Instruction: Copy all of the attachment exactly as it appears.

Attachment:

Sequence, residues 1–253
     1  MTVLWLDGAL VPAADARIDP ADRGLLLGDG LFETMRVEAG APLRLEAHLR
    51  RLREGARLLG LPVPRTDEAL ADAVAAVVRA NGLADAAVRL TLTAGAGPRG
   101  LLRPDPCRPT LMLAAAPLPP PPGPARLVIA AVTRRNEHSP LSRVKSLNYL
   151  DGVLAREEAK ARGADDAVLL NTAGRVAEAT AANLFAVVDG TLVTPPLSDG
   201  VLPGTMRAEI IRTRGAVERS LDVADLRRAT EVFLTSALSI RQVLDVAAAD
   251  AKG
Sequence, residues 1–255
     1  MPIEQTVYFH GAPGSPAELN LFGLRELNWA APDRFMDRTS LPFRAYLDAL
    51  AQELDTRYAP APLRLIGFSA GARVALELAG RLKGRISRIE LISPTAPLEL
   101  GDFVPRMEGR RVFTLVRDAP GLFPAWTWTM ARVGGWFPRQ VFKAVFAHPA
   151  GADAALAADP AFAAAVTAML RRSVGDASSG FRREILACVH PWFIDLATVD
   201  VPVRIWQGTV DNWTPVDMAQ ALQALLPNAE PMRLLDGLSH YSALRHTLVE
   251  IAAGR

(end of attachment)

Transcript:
Sequence, residues 1–253
     1  MTVLWLDGAL VPAADARIDP ADRGLLLGDG LFETMRVEAG APLRLEAHLR
    51  RLREGARLLG LPVPRTDEAL ADAVAAVVRA NGLADAAVRL TLTAGAGPRG
   101  LLRPDPCRPT LMLAAAPLPP PPGPARLVIA AVTRRNEHSP LSRVKSLNYL
   151  DGVLAREEAK ARGADDAVLL NTAGRVAEAT AANLFAVVDG TLVTPPLSDG
   201  VLPGTMRAEI IRTRGAVERS LDVADLRRAT EVFLTSALSI RQVLDVAAAD
   251  AKG
Sequence, residues 1–255
     1  MPIEQTVYFH GAPGSPAELN LFGLRELNWA APDRFMDRTS LPFRAYLDAL
    51  AQELDTRYAP APLRLIGFSA GARVALELAG RLKGRISRIE LISPTAPLEL
   101  GDFVPRMEGR RVFTLVRDAP GLFPAWTWTM ARVGGWFPRQ VFKAVFAHPA
   151  GADAALAADP AFAAAVTAML RRSVGDASSG FRREILACVH PWFIDLATVD
   201  VPVRIWQGTV DNWTPVDMAQ ALQALLPNAE PMRLLDGLSH YSALRHTLVE
   251  IAAGR